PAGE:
Aside from her surprising beauty, she was surrounded with a daunting dark aura.
“You said you were looking for some friends,” she continued. “Do you know their names?”
I stumbled over my words. “Yes, uh, Lady Sonea is—”
“Oh, you’ve come to meet with the Kirin Tor?” she asked, looking disappointed. “You’re at the wrong location, I’m afraid.”
“I am?” I asked. “Is this not the mage quarter?”
The woman grinned. “It is the Mage Quarter, but not all magi serve the Kirin Tor.”
“Oh,” I said. “That makes sense. I apologize.”
“You’re looking for the Blue Recluse,” she added. “The owner of that establishment is much more to your liking.”
“I didn’t mean to come across as surprised,” I said, slowly regaining control of my shock. “You’re just not what I’m used to seeing when I talk to a mage. I’m from Dalaran you see, and well, the term mage is synonymous with Kirin Tor there.”
“Indeed,” she said with a nod. “You attend their arcane school then?”
“Oh, not yet.”
The woman’s face brightened somewhat, as if I’d sparked some glimmer of hope. “Tell me then, young one, what’s your name?”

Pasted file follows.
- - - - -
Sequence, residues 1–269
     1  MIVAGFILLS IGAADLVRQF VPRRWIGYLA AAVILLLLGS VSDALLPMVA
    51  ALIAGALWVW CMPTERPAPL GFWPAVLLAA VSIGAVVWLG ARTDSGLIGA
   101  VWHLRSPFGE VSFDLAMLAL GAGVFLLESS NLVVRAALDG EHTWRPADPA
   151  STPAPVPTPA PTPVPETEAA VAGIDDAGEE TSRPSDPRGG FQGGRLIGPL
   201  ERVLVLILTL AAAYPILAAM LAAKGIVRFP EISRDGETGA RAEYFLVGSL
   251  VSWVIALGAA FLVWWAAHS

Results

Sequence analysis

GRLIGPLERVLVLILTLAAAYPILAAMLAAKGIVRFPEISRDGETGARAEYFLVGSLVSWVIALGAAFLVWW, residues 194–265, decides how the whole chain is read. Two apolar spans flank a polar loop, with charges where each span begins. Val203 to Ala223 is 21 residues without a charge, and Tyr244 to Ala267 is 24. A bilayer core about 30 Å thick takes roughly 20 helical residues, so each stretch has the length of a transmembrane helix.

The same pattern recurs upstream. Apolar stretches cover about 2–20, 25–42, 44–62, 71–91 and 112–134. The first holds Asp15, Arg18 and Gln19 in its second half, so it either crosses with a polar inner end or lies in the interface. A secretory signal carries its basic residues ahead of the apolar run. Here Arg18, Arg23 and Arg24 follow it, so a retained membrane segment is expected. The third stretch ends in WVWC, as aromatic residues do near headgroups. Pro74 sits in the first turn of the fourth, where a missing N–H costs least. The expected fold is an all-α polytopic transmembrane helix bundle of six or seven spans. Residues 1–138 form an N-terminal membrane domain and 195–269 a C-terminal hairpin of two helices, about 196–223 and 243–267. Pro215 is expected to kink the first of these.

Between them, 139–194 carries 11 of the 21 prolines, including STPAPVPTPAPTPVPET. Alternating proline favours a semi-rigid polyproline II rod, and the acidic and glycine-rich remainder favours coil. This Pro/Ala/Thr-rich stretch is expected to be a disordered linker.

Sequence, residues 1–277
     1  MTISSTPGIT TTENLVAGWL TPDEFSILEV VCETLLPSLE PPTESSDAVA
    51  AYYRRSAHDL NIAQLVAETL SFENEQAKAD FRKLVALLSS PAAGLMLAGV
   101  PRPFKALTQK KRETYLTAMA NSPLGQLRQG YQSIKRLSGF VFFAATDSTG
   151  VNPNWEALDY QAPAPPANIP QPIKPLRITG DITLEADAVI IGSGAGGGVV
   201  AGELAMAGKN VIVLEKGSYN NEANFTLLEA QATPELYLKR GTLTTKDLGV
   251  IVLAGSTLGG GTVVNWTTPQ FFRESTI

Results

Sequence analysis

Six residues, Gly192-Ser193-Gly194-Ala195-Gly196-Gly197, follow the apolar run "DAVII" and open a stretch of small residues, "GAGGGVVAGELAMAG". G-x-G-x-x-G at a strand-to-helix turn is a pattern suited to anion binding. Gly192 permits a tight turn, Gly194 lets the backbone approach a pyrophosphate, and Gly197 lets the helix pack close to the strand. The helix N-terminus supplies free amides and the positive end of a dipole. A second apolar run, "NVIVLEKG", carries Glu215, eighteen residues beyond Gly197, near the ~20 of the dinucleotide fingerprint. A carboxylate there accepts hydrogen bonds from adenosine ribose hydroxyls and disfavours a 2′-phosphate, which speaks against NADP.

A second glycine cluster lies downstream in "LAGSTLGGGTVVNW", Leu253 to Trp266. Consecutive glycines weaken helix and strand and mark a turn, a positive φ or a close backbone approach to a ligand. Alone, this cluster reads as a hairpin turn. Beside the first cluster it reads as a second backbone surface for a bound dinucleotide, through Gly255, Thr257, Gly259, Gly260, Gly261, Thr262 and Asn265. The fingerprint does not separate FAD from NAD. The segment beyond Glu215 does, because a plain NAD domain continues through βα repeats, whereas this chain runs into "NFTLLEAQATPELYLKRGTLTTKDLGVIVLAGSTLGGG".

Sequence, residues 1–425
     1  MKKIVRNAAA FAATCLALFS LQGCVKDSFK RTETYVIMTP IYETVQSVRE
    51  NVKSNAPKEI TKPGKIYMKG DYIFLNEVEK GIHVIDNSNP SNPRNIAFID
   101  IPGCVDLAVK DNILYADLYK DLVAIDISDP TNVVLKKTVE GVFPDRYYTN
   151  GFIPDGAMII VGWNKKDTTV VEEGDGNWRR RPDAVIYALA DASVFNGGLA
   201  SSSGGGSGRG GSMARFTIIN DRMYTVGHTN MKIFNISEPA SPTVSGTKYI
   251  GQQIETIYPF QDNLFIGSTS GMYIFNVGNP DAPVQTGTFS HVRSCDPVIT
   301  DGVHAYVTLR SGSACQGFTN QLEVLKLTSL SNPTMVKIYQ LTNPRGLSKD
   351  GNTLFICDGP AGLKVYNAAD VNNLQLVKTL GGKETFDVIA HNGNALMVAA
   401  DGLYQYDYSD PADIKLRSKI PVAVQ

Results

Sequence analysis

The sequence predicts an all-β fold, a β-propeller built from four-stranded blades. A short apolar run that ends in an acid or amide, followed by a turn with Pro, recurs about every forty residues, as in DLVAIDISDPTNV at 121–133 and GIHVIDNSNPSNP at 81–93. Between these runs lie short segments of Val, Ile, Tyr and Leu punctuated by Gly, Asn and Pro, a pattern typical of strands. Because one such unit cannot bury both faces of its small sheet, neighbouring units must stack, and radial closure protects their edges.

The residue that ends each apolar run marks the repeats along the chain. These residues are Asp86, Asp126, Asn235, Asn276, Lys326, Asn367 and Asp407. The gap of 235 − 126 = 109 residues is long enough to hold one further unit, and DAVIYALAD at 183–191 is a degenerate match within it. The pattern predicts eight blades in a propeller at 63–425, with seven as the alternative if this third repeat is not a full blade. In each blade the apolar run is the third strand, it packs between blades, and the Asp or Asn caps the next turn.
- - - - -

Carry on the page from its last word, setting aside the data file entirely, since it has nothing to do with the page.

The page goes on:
“Sionis Sepher,” I answered proudly.
“It’s very nice to meet you, Sepher,” she said with a gentle voice. “My name is Kaellax.”
I tried to respond, but as I reached out to take her hand, the room grew immeasurably colder around me. I watched as her face turned concerned and a moment later my world shifted into a twisted nightmare.
I stood in the middle of a road, rain falling and screams echoing all around me. In front of me I saw a woman with a knife in her chest, she looked terrified, yet somehow strong in her determination not to show it.
“Run, Sionis Sepher,” she said. “Go as fast as you can!”
I didn’t want to go. I felt my heart aching and agony filling my body. I wanted to cry, to scream and resist, but staring at her face I knew I had to do as she said. I turned to run, to escape, but the agony continued to grow.
Then, as quickly as it came, the horrible nightmare ended.
I stumbled to the floor of the inn and I felt someone’s cold hands taking me by the shoulders to prevent me from slamming my head on the ground. I saw the sharp fingernails and knew that I was back with Kaellax now.